Representation does matter, absolutely. So, before I say anything else, I must admit that Bros, a new romantic comedy about an open and proud gay man struggling in the dating world, is a breath of incredibly gay fresh air. It comes on the heels of 2020’s Happiest Season, writer/director Clea Duvall’s holiday comedy about a heretofore closeted lesbian who brings her girlfriend home for Christmas, which was also a hugely groundbreaking and significant step forward in queer storytelling in mainstream Hollywood films. Up until then, queer stories have been largely in the background—if that–in big-budget Hollywood films, as witty sidekicks or tragic figures, succumbing to violence, plagues or suicidal and self-loathing tendencies. So, yes, to have had Happiest Season and Bros, two major, mainstream Hollywood movies, come within two years of each other, which aren’t just significant for centering on gay characters, but for actually being HAPPY stories, is a wonderful thing. It’s a major step forward, and I’m here for all of it.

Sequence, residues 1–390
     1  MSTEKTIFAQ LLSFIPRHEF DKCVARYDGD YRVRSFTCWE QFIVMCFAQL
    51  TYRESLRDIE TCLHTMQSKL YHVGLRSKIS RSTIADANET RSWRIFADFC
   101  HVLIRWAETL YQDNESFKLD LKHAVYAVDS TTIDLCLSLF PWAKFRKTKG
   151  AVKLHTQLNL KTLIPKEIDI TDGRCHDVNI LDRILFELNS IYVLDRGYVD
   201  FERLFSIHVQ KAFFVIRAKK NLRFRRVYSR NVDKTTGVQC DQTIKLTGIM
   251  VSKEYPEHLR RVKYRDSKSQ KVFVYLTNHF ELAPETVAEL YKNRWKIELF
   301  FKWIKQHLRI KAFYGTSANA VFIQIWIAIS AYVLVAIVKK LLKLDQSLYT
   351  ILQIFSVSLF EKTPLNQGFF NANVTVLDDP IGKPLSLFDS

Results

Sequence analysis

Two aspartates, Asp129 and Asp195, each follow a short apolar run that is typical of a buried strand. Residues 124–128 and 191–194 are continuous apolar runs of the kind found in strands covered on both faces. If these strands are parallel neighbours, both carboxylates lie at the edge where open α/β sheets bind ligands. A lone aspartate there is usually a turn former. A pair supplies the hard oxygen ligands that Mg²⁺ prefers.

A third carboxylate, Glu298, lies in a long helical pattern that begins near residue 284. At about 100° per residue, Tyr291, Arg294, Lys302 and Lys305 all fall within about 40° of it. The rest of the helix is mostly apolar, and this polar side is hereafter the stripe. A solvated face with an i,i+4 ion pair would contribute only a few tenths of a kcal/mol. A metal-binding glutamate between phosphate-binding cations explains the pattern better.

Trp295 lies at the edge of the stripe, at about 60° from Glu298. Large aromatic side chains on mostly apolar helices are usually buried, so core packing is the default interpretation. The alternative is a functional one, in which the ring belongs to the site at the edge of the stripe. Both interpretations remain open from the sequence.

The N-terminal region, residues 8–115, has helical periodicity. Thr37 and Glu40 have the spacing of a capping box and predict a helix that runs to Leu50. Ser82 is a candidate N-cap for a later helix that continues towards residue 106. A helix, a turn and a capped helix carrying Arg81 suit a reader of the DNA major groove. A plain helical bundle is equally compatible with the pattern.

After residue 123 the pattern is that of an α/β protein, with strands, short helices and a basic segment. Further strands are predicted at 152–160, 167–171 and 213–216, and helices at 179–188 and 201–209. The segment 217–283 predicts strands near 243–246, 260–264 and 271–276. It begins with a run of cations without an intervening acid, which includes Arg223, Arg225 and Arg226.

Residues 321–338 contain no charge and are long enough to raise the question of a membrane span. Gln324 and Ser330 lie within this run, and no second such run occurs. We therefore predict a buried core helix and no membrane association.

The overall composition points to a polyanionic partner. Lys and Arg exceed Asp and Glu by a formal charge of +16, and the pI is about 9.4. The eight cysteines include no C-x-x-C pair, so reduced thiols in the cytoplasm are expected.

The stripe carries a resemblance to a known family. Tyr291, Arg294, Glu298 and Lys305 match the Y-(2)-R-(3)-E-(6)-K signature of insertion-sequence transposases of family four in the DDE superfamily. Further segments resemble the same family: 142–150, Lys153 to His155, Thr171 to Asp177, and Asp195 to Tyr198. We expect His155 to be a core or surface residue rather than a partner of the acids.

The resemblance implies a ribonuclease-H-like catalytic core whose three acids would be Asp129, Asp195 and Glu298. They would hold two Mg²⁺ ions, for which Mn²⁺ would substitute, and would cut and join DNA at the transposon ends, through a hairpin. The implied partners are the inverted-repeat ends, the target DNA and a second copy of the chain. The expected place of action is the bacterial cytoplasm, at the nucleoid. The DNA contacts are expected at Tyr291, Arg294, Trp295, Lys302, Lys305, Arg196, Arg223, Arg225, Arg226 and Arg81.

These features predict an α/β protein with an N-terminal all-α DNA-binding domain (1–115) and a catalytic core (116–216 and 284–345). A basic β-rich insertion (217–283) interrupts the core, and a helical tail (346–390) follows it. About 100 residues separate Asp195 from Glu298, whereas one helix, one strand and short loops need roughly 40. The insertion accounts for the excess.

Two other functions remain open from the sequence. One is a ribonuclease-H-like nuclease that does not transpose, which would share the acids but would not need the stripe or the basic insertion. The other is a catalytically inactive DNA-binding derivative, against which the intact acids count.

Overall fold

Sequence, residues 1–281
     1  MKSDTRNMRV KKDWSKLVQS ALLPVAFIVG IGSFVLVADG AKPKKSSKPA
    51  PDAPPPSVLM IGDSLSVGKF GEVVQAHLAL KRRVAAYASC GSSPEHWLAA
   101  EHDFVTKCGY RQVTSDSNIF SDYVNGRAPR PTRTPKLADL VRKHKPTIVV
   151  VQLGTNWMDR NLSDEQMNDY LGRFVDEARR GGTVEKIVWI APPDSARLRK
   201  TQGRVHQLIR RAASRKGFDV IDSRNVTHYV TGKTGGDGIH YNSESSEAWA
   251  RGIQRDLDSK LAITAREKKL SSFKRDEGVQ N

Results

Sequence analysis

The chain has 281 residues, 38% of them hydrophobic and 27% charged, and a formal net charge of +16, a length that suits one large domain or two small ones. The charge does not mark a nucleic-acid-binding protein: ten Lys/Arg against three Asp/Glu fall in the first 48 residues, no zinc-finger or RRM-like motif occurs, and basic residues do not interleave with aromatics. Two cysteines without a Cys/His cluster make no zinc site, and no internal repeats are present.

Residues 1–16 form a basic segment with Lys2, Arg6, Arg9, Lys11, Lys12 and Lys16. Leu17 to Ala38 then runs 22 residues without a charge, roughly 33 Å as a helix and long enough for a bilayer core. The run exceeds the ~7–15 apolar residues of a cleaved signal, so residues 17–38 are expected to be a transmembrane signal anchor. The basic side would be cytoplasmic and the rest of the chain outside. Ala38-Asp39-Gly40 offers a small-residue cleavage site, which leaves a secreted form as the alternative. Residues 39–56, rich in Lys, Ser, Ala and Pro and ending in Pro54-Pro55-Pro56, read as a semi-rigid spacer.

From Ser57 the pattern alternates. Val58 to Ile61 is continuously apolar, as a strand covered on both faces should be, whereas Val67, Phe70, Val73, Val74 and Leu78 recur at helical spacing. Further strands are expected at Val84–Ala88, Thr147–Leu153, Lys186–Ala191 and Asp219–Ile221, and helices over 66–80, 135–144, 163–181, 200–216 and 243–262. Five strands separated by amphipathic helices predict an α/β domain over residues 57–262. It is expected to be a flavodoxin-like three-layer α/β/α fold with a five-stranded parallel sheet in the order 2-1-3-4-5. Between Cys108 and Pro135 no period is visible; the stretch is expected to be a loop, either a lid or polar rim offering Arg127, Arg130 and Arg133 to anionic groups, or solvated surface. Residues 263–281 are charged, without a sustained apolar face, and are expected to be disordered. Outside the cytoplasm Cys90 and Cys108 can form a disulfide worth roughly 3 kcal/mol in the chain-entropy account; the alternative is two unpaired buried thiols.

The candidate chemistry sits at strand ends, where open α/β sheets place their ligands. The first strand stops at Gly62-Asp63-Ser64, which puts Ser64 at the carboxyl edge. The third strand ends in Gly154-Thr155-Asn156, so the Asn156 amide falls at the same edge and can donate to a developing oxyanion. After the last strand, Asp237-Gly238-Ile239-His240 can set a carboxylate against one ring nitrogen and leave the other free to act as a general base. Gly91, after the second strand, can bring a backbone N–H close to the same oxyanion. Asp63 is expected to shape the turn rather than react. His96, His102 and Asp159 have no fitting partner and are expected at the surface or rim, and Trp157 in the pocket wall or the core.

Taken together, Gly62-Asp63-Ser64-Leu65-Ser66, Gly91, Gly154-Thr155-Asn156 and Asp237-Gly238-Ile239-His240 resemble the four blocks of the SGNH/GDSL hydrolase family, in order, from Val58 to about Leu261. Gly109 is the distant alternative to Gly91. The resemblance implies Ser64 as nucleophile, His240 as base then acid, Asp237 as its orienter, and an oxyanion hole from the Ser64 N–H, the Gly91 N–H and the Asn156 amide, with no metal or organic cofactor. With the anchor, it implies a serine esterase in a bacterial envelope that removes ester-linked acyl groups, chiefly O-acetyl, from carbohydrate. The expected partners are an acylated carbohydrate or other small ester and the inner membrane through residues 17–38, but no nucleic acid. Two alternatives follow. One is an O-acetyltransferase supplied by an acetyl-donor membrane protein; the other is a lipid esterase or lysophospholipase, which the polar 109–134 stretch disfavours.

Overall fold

But you need more than good intentions to make a good movie. And, sadly, Bros is a film that falls way short of its potential, largely due to its own unattainable aspirations and overly inflated desire to jump the queer genre forward by so many steps, it overshoots the mark wildly.